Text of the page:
The Salton Sea in Southern California is the best-known example of a lithium-containing geothermal brine. Simbol Materials, a private California-based company, is producing high-purity lithium carbonate from discharge brine borrowed from geothermal plants operating on the Salton Sea. The company is using a unique reverse osmosis process that eliminates the need for solar evaporation, making operations more timely and cost effective. Simbol expects to increase production from 8,000 tons a year to 64,000 tons by 2020.
Lithium-enriched brines can also be found in some deep oil reservoirs, accounting for 3 percent of known global lithium resources.The Smackover Formation on the US Gulf Coast is believed to hold an estimated 0.75 million MT of lithium resource at an average concentration of about 0.015 percent. North Dakota, Wyoming, Oklahoma, Arkansas and East Texas are home to oil-field brines with concentrations as high as 700 mg/lt, according to geologist Keith Evans.
Pegmatite deposits or “hard-rock” deposits
Pegmatite is coarse-grained intrusive igneous rock formed from crystallized magma below the earth’s crust. It can contain extractable amounts of a number of elements, including lithium, tin, tantalum and niobium. This form of deposit accounts for 26 percent of known global lithium resources. Hard-rock ore containing lithium is extracted through open-pit or underground mines using conventional mining techniques. The ore is then processed and concentrated using a variety of methods prior to direct use or further processing into lithium compounds.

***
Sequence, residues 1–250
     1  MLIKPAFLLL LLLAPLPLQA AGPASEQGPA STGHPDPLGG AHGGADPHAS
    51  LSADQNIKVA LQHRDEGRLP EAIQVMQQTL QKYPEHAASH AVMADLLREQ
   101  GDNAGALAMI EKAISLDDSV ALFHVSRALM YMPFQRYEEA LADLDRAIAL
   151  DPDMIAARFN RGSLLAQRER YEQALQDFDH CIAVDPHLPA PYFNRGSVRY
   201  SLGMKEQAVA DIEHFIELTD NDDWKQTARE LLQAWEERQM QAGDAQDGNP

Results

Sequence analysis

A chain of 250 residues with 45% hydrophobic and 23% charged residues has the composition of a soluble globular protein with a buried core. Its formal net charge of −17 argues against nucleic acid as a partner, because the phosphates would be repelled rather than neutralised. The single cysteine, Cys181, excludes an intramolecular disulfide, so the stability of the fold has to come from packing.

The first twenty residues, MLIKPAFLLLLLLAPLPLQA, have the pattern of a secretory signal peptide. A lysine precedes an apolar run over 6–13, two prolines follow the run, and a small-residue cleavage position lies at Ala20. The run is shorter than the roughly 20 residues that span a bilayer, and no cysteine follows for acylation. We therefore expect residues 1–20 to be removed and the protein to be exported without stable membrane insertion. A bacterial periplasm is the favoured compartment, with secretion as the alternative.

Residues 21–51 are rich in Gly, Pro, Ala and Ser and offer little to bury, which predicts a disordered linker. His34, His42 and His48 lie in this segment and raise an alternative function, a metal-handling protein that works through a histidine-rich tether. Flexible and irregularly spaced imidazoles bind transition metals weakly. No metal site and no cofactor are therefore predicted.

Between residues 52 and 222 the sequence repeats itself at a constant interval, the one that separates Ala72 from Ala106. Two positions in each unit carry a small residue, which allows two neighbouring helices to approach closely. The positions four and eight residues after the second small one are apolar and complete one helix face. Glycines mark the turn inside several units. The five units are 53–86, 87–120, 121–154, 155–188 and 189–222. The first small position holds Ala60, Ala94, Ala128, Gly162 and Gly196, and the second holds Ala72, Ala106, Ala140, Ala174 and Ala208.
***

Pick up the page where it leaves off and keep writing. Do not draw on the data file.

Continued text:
The process for extracting lithium from pegmatite or hard-rock ore is expensive, meaning that such deposits are at a disadvantage compared to brine deposits; however, lithium concentration in pegmatites is considerably higher than in brines, so deposits with extremely high lithium values may still be economically viable. The production of other resources, such as tin and tantalum, can help offset processing costs.
Lithium in pegmatites is most commonly found in the mineral spodumene, but also may be present in petalite, lepidolite, amblygonite and eucryptite.
Alaska, Northern Ontario, Quebec, Ireland and Finland are known to host pegmatite deposits. The largest producing spodumene pegmatite operation — located in Greenbushes, Australia — has an estimated resource of 560,000 tonnes of lithium in ore, with an average concentration of about 1.6 percent lithium. For now, the project is owned by Talison Lithium (TSX:TLH), but it is expected to come under the wing of Rockwood Holdings as part of a proposed all-shares takeover bid that may be finalized by late 2012 or early 2013.